This is a new variation on my "Fire Hand" demonstration. I never did like the size of the methane bubbles that were produced, so I got an idea from a Mythbusters' segment on methane bubbles. They used a tube with many small holes to create the small methane bubbles. I decided to to do a variation of it using aquarium tubing. The result is a bigger handful of methane bubbles which means a bigger flame!
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Students in my classes have to determine if a substance has changed physically or chemically. In order to do that, they need to know if the properties of a substance has changed. We can look at many different properties of a substance such as color, density, boiling point, melting point, taste, texture, hardness, etc. One of the most exciting properties of matter is the color in which they burn. In the video above I show color flame candles and then show a demonstration of two different compounds, strontium chloride and copper sulfate, mixed with denatured alcohol, that produce large colorful flames.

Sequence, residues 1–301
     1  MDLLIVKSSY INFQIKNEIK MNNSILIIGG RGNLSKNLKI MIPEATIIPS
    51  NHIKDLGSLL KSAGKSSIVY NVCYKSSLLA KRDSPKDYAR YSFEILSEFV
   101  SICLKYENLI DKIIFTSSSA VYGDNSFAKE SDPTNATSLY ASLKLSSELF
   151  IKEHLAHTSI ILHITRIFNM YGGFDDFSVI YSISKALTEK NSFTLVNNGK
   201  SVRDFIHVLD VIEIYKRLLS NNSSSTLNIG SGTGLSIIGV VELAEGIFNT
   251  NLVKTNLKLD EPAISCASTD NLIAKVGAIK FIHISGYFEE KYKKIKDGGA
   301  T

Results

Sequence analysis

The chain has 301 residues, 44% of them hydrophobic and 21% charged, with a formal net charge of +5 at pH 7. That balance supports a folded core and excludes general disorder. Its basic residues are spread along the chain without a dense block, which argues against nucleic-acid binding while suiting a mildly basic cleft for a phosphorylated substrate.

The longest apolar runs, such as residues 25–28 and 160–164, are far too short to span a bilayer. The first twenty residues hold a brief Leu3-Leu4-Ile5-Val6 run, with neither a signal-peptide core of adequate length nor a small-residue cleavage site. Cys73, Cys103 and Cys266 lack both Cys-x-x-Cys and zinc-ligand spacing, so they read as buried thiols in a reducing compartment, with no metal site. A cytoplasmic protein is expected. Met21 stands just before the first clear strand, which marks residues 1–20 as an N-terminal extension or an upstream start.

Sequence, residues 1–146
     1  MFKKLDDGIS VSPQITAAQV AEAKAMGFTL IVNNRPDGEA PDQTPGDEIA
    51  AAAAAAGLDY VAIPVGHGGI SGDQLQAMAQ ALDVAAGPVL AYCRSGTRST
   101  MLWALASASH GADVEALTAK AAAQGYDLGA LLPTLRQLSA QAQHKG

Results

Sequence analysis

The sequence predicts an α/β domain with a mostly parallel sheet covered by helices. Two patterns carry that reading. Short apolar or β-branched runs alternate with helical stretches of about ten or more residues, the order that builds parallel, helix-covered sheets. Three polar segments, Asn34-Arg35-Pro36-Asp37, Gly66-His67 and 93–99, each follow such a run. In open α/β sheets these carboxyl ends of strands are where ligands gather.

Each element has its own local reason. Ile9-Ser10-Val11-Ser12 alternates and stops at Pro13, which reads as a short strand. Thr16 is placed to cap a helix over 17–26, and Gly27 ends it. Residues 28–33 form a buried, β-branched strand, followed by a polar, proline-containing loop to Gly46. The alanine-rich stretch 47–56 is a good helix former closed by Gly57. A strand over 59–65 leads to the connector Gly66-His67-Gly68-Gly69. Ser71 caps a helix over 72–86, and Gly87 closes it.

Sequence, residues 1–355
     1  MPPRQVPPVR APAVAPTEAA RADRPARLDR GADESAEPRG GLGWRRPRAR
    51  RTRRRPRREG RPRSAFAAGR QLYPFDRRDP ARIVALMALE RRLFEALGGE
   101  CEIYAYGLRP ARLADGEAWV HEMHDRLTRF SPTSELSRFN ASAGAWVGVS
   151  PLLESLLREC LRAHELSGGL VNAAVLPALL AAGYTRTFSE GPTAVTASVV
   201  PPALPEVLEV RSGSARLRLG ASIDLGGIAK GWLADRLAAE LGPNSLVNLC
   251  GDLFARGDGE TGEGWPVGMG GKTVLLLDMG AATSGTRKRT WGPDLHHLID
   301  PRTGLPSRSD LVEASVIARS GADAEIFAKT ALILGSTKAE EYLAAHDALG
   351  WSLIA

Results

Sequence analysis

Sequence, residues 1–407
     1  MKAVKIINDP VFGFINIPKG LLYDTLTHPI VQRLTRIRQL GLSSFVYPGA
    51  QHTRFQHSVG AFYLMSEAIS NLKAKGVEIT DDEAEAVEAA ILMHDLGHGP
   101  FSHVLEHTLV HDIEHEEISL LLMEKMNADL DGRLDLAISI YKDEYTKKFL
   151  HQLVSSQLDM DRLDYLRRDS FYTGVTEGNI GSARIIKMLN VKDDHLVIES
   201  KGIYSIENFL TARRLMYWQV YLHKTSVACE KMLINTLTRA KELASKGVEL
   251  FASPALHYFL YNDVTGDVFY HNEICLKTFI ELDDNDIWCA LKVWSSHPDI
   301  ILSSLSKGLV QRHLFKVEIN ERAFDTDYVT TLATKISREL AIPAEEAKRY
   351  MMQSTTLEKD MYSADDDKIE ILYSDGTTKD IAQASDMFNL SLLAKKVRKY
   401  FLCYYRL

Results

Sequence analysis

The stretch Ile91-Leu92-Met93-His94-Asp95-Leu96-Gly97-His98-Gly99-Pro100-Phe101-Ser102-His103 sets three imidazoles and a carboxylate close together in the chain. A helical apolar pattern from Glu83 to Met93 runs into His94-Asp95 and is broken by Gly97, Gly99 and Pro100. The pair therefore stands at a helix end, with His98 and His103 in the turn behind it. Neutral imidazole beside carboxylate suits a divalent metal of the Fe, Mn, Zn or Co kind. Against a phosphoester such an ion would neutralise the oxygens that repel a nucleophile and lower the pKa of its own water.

I picked up this in a toy shop. Students are fascinated by it and always wonder how it works. Once they learn about density, they figure it out pretty easily.
Eggs have an arch design in which compression forces are diverted from the top and bottom of the egg down to the sides. How much compression force can an egg take before it's smashed? Watch the video!